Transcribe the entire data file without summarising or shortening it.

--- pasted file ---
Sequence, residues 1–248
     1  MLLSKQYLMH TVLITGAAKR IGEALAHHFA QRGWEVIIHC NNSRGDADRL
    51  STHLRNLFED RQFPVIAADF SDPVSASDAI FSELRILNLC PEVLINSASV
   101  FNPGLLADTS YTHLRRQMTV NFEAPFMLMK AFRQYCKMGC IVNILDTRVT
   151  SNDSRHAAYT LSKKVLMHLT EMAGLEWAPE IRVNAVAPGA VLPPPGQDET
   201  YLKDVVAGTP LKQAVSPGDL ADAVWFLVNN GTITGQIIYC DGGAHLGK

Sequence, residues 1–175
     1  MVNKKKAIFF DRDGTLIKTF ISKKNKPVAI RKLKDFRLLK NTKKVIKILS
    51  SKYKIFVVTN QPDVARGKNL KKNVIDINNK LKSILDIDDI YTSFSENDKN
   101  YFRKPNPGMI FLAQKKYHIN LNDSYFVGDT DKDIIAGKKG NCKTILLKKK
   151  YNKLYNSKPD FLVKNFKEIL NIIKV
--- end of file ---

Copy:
Sequence, residues 1–248
     1  MLLSKQYLMH TVLITGAAKR IGEALAHHFA QRGWEVIIHC NNSRGDADRL
    51  STHLRNLFED RQFPVIAADF SDPVSASDAI FSELRILNLC PEVLINSASV
   101  FNPGLLADTS YTHLRRQMTV NFEAPFMLMK AFRQYCKMGC IVNILDTRVT
   151  SNDSRHAAYT LSKKVLMHLT EMAGLEWAPE IRVNAVAPGA VLPPPGQDET
   201  YLKDVVAGTP LKQAVSPGDL ADAVWFLVNN GTITGQIIYC DGGAHLGK

Sequence, residues 1–175
     1  MVNKKKAIFF DRDGTLIKTF ISKKNKPVAI RKLKDFRLLK NTKKVIKILS
    51  SKYKIFVVTN QPDVARGKNL KKNVIDINNK LKSILDIDDI YTSFSENDKN
   101  YFRKPNPGMI FLAQKKYHIN LNDSYFVGDT DKDIIAGKKG NCKTILLKKK
   151  YNKLYNSKPD FLVKNFKEIL NIIKV